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If you’ve ever had a child leave home to attend college raise your hand. We have just returned from moving Boy #4 into his college dorm and I’ve got a few things to share about this process. I’ve dealt with this strange phenomenon three times now so I was very matter of fact about it as we prepared for his impending departure from our home. Ah, we know the drill. We’ve done this a couple of times now. Piece of cake. Right?
Wrong. I’m sorry to tell you that you never get used to it and it doesn’t get any easier with experience. But, you should know that your life is about to grow in ways you might not have even anticipated. Being the parent of a grown (or mostly grown) person is a fabulous thing. I like to use the term “mostly grown” because that is how I view college aged kids. They still have a bit of growing to do before they are ready for the challenges that lie ahead and being on their own accelerates that growth like nothing else can.
If you have a child leaving the nest in the coming years there are some things you should be aware of. First, a few items to be noted:
- “Empty Nest” does not necessarily mean a truly empty nest. I went through all of the same feelings when Boy #1 left for college and I still had three more at home.
- Carry Kleenex and be prepared for sudden and poorly timed emotional outbursts. It typically hits me when I’m driving or doing some other mundane task like watching television, doing housework, etc.
- Men do not appear to suffer from empty nest syndrome. Do not expect your husband to understand your feelings because apparently men are pretty happy about the fact that kids grow up and leave home. Men are strange creatures.
Now that we’ve covered the basics let’s talk about how to best prepare. There are definitely things you can do to make yourself and your college student feel better.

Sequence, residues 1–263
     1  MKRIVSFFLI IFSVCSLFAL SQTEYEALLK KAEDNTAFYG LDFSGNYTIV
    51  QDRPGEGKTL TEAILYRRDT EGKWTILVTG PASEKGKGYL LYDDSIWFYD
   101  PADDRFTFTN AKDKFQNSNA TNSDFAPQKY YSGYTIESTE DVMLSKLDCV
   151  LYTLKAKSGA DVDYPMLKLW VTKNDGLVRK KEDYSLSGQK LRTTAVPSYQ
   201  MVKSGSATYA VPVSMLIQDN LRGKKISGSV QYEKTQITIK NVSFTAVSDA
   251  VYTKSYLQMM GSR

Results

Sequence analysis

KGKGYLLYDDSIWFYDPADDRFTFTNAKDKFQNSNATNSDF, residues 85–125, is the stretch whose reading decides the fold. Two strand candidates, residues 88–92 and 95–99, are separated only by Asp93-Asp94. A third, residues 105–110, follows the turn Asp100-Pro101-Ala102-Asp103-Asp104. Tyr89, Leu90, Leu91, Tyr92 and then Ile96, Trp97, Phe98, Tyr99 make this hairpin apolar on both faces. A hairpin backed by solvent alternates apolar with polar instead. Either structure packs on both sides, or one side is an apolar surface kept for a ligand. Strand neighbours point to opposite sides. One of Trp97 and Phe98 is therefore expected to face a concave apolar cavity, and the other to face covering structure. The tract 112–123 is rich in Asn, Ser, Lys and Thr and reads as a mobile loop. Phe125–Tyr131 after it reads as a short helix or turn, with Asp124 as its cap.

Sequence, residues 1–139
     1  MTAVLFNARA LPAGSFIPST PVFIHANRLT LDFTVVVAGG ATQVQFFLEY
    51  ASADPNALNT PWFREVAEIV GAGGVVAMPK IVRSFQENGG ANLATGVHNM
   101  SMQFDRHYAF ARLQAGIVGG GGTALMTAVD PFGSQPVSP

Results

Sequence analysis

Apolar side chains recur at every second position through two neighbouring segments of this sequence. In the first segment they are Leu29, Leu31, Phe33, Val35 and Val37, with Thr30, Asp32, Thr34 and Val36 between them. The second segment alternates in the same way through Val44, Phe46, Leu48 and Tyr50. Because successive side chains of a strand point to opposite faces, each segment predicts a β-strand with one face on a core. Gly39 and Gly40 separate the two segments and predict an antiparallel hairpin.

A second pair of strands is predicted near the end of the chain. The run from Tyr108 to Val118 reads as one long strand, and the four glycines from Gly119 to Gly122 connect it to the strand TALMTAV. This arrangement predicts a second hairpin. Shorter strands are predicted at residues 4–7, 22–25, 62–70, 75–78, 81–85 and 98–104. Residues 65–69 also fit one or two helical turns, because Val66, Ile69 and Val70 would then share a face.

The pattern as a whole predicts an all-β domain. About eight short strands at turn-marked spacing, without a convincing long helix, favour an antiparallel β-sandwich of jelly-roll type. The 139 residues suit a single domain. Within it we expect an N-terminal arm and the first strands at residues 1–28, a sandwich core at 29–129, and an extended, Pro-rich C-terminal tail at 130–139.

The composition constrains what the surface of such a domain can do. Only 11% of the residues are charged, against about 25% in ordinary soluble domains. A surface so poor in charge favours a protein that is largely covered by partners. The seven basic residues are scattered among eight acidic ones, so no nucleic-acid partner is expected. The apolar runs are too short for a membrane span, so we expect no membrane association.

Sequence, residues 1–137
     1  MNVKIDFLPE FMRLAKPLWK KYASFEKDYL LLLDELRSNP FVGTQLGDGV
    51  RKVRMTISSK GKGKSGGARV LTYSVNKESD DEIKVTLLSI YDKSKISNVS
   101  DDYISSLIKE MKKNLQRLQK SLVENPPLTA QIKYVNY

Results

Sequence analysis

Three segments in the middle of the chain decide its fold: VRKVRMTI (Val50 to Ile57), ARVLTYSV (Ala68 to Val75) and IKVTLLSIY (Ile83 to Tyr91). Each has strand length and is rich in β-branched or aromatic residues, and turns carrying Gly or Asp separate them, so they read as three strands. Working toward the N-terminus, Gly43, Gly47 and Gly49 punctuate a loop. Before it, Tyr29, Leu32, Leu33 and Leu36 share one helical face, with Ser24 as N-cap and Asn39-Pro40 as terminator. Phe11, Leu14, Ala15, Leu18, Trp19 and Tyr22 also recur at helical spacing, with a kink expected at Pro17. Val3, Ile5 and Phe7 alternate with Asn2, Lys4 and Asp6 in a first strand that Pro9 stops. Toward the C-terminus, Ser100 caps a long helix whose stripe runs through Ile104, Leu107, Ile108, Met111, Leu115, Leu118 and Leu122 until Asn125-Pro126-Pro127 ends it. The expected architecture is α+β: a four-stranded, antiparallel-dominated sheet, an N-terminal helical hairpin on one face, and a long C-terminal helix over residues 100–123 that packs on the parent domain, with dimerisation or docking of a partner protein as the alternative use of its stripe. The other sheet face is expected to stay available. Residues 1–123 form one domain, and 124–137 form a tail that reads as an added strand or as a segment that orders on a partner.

- Get organized. We feel more in control when we are on top of things.
- Visit the school your child will be attending. Tour the campus and drive around the college town to familiarize yourself with the setting. You will be visualizing your child in this setting for the next four years so let’s get an accurate picture.
- Check the Housing and Residential Services section of the college’s website for dorm room layouts and a checklist of items that first year students should bring with them.
- Talk to your older kids who’ve already been through this or your friends’ college aged kids to find out what they really should bring with them. These are the experts. You probably won’t see an Xbox 360 listed on the school’s checklist.
- Shop in advance before the hoards of college bound kids and their empty nesting parents are clogging the aisles of Target and The Container Store.
- Cook and bake to your heart’s delight. These last few weeks are the time to make them all their favorites. They will be eating most of their meals in the campus dining halls in the coming months so go for it. They will come home during school breaks with a deep appreciation of your home cooking. This even applies to those of you who don’t consider yourselves very skilled in the kitchen. Mom’s stuff is always the best.
- Dream about the future. Not your child’s, but yours. You’ve put your heart and soul into this person for the last 18 years and the fact that he or she is heading off to college means you’ve done your job well. Once they are gone you will have more time to truly shift your focus and jump full steam into something that you might have put aside. This should be an exciting time for Mom too.
- Keep busy. Be productive. This is an easy one.
- Make their travel arrangements for their first visit home. This is typically Thanksgiving and it comes very fast. Traveling over the holidays requires advance planning and tickets do sell out. How will they be getting home? Book flights, buy train tickets, etc. This will give you peace of mind and will also help ease their feelings of home sickness if there is a plan in place for them to come home to visit for the holidays.
- And, most importantly, be positive and be aware of your child’s emotions. There will be nervousness, uncertainty, excitement, and most likely they will feel a bit overwhelmed. Project your confidence in them, your excitement about what their college experience will be like, and what their future holds.
If you’ve had a child leave the nest I’d love to know how the experience affected you and any words of wisdom you might have to offer.